University of Georgia President Michael Adams will tell the UGA community today at 11am what most already know: that he's leaving his job at the end of June next year.
In June 1997, Adams arrived from tiny Centre College, succeeding President Charles Knapp. When Adams became president, Zell Miller was governor. The $100,000 family income cap on HOPE scholarship recipients had been removed in 1995, attracting more students from educated, affluent families and raising the academic bar for those wanting to attend the state's flagship institution.
But there have been bumps in the road for Adams--some of them huge.
At times during his tenure, the faculty has been at odds with Adams, who had not worked at a major research university before coming to UGA. In June 2000, 26 top UGA researchers wrote a letter saying that support for research had dropped under Adams.
In 2003, the tried to oust Adams after he decided not to renew the contract of Athletic Director Vince Dooley. That decision alienated and angered many supporters of Georgia's athletic programs across the state. Adams appointed as AD Damon Evans, who was later dismissed after an incident involving intoxication while driving a car and carrying an underwear-less woman in the car's passenger seat.
The Foundation hired an accounting firm to audit Adams' expenses and discovered some concerns and irregularities, including a salary supplement of $175,000, without approval from the board or its executive committee. Adams subsequently created the Arch Foundation.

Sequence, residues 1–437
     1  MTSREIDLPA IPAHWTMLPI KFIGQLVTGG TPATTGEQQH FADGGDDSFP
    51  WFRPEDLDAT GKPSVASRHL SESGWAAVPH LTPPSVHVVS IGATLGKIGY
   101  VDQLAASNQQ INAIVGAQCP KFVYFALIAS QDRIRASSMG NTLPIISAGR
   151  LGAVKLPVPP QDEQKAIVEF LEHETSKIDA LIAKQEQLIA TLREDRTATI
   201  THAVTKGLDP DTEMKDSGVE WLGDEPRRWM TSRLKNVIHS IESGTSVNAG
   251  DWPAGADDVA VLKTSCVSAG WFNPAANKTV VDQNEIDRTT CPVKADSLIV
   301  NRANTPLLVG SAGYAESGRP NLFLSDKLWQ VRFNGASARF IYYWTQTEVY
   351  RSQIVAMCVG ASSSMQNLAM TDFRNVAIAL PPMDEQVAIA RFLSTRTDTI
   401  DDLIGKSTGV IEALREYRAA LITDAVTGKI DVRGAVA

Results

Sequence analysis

In 2004, the faculty of the Franklin College of Arts and Sciences endorsed a "no confidence" vote in the president. The college then represented 38 percent of the university's professors. An internet vote showed that, by a 331 to 72 margin, faculty members said they didn't have confidence in Adams "as leader of UGA."
But under Adams, UGA has seen its academic rankings rise, along with private donations to the school. As state funding has shrunk, outside money has greatly increased. And UGA has added an engineering program, the and a new medical partnership with the Georgia Health Sciences Campus in Augusta.
An aggressive construction program, made possible in part by the creation of the private , has resulted in many new and renovated buildings on campus. The campus is considered one of the most attractive in the country. The university has expanded its campus to include the former Navy School in Normaltown.
Relations with the local government are better than they have been in years. Adams aggressively promotes Georgia's research program, and has said his priority is raising salaries for faculty and staff. Last year, the two funding raising bodies, the Arch Foundation and the UGA Foundation, merged.
And yet, many people will remember only one thing about Adams' tenure: His decision not to have Vince Dooley continue as athletic director.
What do you think Adam's legacy will be? And who do you think will and should succeed him?